One of the oldest Czech villages with a rich history, three churches and beautiful surroun
The village of Tetín is located about 3 km southeast of Beroun. It is surrounded by karst areas with a romantic and wild landscape furrowed by a number of gorges and canyons. Thanks to its location on a cliff above the canyon of the Berounka River, it offers wonderful views of the opposite rocks and the entire river canyon. The place was inhabited as early as the Paleolithic and fortified period, and therefore Tetín is one of the oldest historically old villages in the Czech Republic. Tetín is in legends associated with Kroka's second-born daughter Teta, but historically it is especially significant due to the stay and tragic death of St. Ludmila. The extraordinary historical significance of the village is evidenced by the fact that there are three churches in the village.
Church of St. Jan Nepomucký
The original Romanesque, later rebuilt Baroque building stands near the place where the court of Princess Ludmila stood in the middle of the fort. Probably somewhere near the current church, Ludmila was also buried after her violent death. It is interesting that in the years 1533 – 1539 Václav Hájek from Libočany worked here as a priest. He started writing the famous Czech Chronicle here. It states, among other things: „Aunt ordered the city of Tetin to be built and sprinkled with wide and high ramparts and preached with water from one well of a steep spring to the city square with a considerable load.“
View from the church
The church has an exceptional location above the steep rocks above Berounka. From the road behind the church there is an extraordinary view towards the Berounka valley and the town of Beroun. The path continues east to the site of the fortified settlement and the Tetín views.
The ruins of the castle Tetín
King Wenceslas II used a strategic place on a rock above the river in 1288. to establish a castle. During the reign of Charles IV. the castle disappeared. Today, the remains of a square tower, the remains of the castle palace walls and a deep moat can be seen here.
View of the Berounky canyon
Not far from the ruins there is a resting place with a charming view of the Berounka river valley and the nearby limestone rocks.
Tetín fortified settlement
Tetín fortified settlement with an area of about 10 ha was located near the present ruins of the castle Tetín in the place of today's village. It was one of the strongholds of the system of fortifications of the Přemyslid state and its origins are usually placed at the turn of the 9th and 10th centuries. Princess (Saint) Ludmila was murdered here in 921. There is one of the oldest Slavic burial grounds in Bohemia.
Below the castle and the lookout there is a strip of rocks about 2 km long in the river canyon and there is the Tetínské skálly nature reserve. Rare species of plants and animals thrive on rock walls, cliffs and in a total of about 50 caves. It is also an attractive place for climbers.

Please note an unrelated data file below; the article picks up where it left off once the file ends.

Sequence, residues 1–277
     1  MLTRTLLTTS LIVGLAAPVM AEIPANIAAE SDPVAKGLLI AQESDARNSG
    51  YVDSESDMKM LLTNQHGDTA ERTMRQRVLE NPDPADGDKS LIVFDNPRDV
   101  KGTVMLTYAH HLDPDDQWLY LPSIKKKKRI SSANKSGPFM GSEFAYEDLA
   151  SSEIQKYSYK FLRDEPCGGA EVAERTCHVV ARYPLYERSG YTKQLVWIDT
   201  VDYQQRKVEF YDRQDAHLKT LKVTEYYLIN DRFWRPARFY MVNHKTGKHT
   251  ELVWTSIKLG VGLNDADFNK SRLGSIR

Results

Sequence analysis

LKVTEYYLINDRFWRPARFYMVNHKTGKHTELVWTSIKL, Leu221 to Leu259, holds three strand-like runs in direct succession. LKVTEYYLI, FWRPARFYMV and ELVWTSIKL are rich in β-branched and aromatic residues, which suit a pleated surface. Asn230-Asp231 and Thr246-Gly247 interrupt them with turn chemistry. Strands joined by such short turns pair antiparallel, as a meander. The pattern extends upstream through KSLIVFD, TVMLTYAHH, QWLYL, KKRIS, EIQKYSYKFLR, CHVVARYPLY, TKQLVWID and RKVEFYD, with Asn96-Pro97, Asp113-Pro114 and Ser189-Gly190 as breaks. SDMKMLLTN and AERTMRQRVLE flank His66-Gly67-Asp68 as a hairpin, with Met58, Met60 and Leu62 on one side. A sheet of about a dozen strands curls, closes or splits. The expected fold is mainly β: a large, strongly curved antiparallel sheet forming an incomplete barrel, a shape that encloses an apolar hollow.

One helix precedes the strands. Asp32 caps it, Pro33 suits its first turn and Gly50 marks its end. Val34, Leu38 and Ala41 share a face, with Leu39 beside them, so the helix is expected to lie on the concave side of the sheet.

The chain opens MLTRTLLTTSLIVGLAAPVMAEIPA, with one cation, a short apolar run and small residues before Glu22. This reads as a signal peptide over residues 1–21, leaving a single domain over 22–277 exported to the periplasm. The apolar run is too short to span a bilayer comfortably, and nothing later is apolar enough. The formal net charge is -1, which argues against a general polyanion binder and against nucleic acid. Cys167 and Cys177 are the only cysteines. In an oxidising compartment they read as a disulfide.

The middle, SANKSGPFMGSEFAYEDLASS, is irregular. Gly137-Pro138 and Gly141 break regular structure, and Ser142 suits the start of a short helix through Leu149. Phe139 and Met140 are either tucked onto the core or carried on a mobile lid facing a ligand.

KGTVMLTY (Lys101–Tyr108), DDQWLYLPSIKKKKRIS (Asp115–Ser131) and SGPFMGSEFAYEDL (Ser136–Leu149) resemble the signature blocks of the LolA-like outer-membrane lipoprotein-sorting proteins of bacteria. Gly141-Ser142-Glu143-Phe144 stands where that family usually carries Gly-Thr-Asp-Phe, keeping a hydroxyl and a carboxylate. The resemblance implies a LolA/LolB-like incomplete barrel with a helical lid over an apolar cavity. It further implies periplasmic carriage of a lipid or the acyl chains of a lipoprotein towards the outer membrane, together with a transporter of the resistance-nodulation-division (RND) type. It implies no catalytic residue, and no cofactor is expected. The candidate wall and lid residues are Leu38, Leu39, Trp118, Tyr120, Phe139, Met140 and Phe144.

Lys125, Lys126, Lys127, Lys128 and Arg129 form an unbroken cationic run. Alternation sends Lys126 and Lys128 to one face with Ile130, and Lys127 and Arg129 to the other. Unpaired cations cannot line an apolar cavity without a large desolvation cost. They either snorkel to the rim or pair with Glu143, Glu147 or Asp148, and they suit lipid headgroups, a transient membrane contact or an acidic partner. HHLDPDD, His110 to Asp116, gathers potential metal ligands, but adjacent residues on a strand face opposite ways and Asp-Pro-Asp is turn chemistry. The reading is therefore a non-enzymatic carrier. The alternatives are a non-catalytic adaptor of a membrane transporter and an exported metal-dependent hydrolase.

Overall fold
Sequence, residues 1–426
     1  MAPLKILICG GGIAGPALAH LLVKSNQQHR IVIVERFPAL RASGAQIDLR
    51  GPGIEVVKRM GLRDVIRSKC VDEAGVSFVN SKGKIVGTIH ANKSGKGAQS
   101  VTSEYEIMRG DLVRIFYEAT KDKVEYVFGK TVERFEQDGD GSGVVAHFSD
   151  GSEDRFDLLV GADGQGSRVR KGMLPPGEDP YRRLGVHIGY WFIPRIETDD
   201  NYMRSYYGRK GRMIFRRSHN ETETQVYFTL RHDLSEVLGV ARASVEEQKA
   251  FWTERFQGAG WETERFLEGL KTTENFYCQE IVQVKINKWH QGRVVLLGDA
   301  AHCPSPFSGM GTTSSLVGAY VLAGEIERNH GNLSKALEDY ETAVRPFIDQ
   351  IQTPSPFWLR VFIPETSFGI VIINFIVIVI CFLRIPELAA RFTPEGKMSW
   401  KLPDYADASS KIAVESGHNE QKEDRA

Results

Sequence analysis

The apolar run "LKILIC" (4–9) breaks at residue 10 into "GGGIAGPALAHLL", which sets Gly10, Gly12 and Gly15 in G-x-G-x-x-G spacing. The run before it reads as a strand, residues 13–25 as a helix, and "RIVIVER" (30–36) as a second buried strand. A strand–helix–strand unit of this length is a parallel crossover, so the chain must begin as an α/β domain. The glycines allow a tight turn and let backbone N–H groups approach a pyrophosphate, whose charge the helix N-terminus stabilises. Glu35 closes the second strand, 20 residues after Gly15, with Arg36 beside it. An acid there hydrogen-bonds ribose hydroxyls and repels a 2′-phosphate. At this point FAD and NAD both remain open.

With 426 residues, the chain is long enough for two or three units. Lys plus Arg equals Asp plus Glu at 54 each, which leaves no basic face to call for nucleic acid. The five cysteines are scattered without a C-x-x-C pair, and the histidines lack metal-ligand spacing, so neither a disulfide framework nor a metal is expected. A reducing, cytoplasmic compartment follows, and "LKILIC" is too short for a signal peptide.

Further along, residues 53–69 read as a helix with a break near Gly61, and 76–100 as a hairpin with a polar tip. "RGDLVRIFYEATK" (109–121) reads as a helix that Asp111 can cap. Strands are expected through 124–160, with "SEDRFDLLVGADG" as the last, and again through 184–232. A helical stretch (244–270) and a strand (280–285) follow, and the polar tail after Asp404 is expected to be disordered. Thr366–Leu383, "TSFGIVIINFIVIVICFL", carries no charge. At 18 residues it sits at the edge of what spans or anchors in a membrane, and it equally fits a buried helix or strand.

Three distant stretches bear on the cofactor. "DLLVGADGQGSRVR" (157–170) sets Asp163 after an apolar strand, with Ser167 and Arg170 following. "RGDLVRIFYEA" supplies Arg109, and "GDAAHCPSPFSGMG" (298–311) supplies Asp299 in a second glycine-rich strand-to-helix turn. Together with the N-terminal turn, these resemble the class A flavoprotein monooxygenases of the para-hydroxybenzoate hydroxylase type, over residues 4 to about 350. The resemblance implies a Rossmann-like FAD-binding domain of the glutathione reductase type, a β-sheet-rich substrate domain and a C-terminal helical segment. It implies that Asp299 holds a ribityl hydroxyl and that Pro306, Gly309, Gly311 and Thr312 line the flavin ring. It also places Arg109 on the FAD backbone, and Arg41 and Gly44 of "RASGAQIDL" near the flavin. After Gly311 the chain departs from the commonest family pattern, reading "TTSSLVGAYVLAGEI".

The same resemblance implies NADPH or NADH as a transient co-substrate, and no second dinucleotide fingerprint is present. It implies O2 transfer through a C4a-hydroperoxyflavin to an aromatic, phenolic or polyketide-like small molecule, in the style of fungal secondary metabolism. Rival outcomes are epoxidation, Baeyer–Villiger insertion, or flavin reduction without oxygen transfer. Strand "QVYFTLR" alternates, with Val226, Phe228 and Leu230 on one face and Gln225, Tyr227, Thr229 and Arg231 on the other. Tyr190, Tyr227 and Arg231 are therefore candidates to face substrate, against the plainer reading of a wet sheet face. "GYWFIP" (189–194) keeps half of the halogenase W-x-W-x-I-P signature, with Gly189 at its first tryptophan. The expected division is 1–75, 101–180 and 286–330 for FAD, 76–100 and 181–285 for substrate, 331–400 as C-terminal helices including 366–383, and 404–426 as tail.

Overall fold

Church of St. Catherine
The smallest of the three churches in the village was built in the Romanesque style around 1200. It probably stands on the site of a church, the existence of which is assumed as early as the life of St. Ludmila. A walk through the bell tower from 1858 and a small cemetery to the church. The area of the church with the bell tower is protected as a cultural monument of the Czech Republic.
Saint Ludmila (ca. 860 – 921) is one of the main ancestors of Czech monarchs and Czech queens and significantly contributed to the Christianization of Bohemia. She was the wife of the first historically documented Přemyslid, Prince Bořivoj I., the mother of Prince Vratislav I. and the grandmother of St. Wenceslas. Ludmila was murdered on 15 September 921 at the Tetín fortified settlement. It is said that she was strangled (according to legend, her own scarf). The scarf therefore later became a symbol of St. Ludmila. In 925, the young Prince Wenceslas had her remains transferred from Tetín to Prague, to the Basilica of St. George at Prague Castle. Ludmila was canonized in the 12th century and is (chronologically) the first Czech saint.
Church of St. Ludmila
Built in the Baroque style in the 80s of the 17th century. The interior of the church is single-nave with a flat vault and a stone baroque altar. The glazed altar plate contains a stone on which St. Ludmila killed.
The rectangular two-storey building of the chateau was built in the second half of the 18th century in the Baroque style. At this time, the castle was a meeting place for important personalities – J. Jungmann, J. Dobrovský or FL Čelakovský.
Also worth seeing is the newly renovated semi-trailer with a tank and memorial plaques.
Surrounding rocks and quarries
Below the Damil hill (396 m above sea level) there are several romantic rocks and gorges with beautiful views of the village and its surroundings. Definitely worth going out there.
The road then leads further along the plateau to the extensive Blue Quarry and it is possible to reach the more distant White Quarry.
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